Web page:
Yunden Jinsmaa

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Conversion of delta-opioid receptor antagonists containing the 2',6'-dimethyl-L-tyrosine (Dmt)-1,2,3,4-tetrahydroisoquinoline-3-carboxylic acid (Tic) pharmacophore into potent delta-agonists required a third heteroaromatic nucleus, such as 1H-benzimidazole-2-yl (Bid) and a linker of specified length both located C-terminally to Tic in the general formula(More)
Dopamine (DA) has been implicated as an endogenous neurotoxin to explain the selective neurodegeneration as observed for Parkinson's disease (PD). In addition, oxidative stress and lipid peroxidation are hypothesized culprits in PD pathogenesis. DA undergoes catabolism by monoamine oxidase (MAO) to 3,4-dihydroxyphenylacetaldehyde (DOPAL), which is further(More)
A fluorescent tripeptide probe derived by coupling fluorescein to H-Dmt-Tic-Glu-NH2 was developed to interact with delta-opioid receptors with high affinity (Ki = 0.035 nM) and selectivity (Ki(mu)/Ki(delta) = 4371). It acts as an irreversible delta-opioid receptor antagonist, and binding to NG108-15 cells is blocked by the standard nonpeptidic delta-opioid(More)
The C terminus of endomorphin-2 (EM-2) analogues (Tyr-Pro-Phe-NH-X) was modified with aromatic, heteroaromatic, or aliphatic groups (X = phenethyl,benzyl, phenyl, naphthyl, pyridyl, quinolyl, isoquinolyl, tert-butyl, cyclohexyl, or adamantyl; 3-18) to study their effect on opioid activity. Only 9 (1-naphthyl), 11 (5-quinolyl), 16 (cyclohexyl), and 18(More)
The catecholaldehyde hypothesis predicts that monoamine oxidase (MAO) inhibition should slow the progression of Parkinson’s disease, by decreasing production of the autotoxic dopamine metabolite 3,4-dihydroxyphenylacetaldehyde (DOPAL). Inhibiting MAO, however, diverts the fate of cytoplasmic dopamine toward potentially harmful spontaneous oxidation(More)
The introduction of the Dmt (2',6'-dimethyl-L-tyrosine)-Tic pharmacophore into the design of opioid ligands produced an extraordinary family of potent delta-opioid receptor antagonists and heralded a new phase in opioid research. First reviewed extensively in 1998, the incorporation of Dmt into a diverse group of opioid molecules stimulated the opioid field(More)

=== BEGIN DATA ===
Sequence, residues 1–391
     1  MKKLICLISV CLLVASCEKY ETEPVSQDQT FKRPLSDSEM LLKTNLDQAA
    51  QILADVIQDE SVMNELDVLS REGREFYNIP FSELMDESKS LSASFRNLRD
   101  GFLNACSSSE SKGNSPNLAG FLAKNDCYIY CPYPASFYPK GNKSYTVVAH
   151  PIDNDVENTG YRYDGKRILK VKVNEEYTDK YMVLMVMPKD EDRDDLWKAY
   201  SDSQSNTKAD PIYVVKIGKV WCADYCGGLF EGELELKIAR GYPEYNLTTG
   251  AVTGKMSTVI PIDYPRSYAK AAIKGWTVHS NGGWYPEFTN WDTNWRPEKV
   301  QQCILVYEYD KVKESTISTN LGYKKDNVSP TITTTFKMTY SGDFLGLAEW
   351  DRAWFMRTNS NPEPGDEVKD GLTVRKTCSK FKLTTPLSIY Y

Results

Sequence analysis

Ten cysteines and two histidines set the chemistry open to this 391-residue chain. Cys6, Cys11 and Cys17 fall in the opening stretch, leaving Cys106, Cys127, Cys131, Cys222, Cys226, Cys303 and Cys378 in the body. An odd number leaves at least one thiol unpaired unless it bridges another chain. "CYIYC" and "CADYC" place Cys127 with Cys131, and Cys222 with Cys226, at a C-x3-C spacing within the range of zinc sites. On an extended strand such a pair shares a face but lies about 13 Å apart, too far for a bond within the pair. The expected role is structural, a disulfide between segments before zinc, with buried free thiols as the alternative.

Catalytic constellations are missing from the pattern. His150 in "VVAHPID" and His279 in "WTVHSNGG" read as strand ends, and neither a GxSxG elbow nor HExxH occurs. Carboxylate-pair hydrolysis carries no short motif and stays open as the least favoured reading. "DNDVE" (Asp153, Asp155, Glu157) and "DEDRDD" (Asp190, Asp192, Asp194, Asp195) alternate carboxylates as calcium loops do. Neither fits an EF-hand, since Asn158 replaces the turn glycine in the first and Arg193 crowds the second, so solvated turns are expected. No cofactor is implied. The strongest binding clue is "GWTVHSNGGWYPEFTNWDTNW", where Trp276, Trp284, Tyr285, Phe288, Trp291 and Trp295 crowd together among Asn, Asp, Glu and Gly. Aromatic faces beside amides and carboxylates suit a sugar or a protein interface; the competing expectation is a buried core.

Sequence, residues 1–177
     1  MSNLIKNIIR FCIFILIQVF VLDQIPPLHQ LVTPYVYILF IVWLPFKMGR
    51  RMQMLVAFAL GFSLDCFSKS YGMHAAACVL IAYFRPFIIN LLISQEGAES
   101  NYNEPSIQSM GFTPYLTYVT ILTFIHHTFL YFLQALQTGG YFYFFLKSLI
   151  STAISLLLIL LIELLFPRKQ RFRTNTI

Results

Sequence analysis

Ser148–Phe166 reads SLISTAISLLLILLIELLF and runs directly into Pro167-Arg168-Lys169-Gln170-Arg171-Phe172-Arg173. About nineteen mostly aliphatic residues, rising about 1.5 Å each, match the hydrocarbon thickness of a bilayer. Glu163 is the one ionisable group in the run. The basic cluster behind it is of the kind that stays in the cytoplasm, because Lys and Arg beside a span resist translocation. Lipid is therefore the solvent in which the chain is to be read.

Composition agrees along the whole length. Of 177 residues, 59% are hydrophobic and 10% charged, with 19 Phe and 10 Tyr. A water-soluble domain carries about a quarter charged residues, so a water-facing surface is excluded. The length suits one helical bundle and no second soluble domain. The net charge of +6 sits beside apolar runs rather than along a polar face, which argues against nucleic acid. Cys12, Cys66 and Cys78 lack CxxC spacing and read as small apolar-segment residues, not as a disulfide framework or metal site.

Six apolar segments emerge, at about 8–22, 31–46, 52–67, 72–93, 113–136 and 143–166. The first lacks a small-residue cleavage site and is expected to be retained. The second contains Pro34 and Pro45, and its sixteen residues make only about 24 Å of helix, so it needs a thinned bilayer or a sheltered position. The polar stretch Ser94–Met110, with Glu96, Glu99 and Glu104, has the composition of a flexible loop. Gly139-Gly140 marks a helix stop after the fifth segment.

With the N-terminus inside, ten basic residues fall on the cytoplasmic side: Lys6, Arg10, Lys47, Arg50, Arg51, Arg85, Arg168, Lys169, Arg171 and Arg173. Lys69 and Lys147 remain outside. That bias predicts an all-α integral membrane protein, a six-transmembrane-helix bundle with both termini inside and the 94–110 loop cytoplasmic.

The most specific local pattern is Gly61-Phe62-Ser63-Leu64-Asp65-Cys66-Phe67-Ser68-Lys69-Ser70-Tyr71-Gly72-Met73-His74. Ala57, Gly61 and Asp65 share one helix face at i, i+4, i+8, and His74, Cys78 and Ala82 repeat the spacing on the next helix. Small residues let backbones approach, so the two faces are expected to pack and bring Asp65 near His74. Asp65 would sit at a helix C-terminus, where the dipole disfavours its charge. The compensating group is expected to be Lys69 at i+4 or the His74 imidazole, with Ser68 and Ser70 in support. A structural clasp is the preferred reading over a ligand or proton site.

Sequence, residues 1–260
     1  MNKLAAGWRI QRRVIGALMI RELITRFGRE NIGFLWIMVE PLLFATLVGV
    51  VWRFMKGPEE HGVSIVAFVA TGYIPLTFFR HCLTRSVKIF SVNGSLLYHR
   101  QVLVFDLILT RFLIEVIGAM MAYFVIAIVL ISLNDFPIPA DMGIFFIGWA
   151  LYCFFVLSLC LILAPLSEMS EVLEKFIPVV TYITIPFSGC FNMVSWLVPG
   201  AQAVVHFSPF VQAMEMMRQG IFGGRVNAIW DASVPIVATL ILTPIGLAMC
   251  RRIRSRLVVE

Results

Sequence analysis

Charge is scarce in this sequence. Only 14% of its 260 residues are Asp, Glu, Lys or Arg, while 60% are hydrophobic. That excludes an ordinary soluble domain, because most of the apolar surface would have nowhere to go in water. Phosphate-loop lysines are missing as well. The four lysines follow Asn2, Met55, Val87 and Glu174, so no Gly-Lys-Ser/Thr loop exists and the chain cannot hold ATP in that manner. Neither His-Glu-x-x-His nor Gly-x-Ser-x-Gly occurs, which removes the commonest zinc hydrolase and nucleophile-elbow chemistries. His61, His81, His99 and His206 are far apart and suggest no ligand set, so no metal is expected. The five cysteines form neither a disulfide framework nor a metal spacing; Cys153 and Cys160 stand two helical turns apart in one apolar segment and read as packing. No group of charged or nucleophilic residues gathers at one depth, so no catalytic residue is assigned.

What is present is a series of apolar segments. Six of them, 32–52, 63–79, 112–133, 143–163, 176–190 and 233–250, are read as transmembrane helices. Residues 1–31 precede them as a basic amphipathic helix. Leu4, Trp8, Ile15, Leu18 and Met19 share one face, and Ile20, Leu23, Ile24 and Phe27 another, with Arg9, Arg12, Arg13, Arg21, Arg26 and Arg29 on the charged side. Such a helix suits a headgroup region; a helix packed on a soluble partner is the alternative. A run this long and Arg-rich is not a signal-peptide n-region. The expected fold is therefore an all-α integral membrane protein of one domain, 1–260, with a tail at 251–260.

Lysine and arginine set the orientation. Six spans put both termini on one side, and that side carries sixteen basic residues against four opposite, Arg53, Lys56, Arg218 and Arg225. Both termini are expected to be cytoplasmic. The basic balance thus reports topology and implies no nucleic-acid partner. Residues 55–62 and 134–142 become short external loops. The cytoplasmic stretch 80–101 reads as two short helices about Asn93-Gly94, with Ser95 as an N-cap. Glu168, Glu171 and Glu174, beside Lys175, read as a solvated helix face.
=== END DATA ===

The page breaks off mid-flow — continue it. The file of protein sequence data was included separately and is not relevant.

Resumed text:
A series of 17 analogues were developed on the basis of the general formula H-Dmt-Tic-NH-CH(R)-R' (denotes chirality; R = charged, neutral, or aromatic functional group; R' = -OH or -NH(2)). These compounds were designed to test the following hypothesis: the physicochemical properties of third-residue substitutions C-terminal to Tic in the Dmt-Tic(More)
Repeated systemic administration of the mitochondrial complex I inhibitor rotenone produces a rodent model of Parkinson's disease (PD). Mechanisms of relatively selective rotenone-induced damage to nigrostriatal dopaminergic neurons remain incompletely understood. According to the 'catecholaldehyde hypothesis,' buildup of the autotoxic dopamine metabolite(More)
According to the catecholaldehyde hypothesis, the toxic dopamine metabolite 3,4-dihydroxyphenylacetaldehyde (DOPAL) contributes to the loss of nigrostriatal dopaminergic neurons in Parkinson's disease. Monoamine oxidase-A (MAO-A) catalyzes the conversion of intraneuronal dopamine to DOPAL and may serve as a therapeutic target. The "cheese effect"-paroxysmal(More)
Dopamine (DA) undergoes monoamine oxidase catalyzed oxidative deamination to 3,4-dihydroxyphenylacetaldehyde (DOPAL), which is metabolized primarily to 3,4-dihydroxyphenylacetic acid (DOPAC) via aldehyde dehydrogenase (ALDH). Previous studies demonstrated DOPAL to be neurotoxic, more so than DA and other metabolites, and implicated the aldehyde intermediate(More)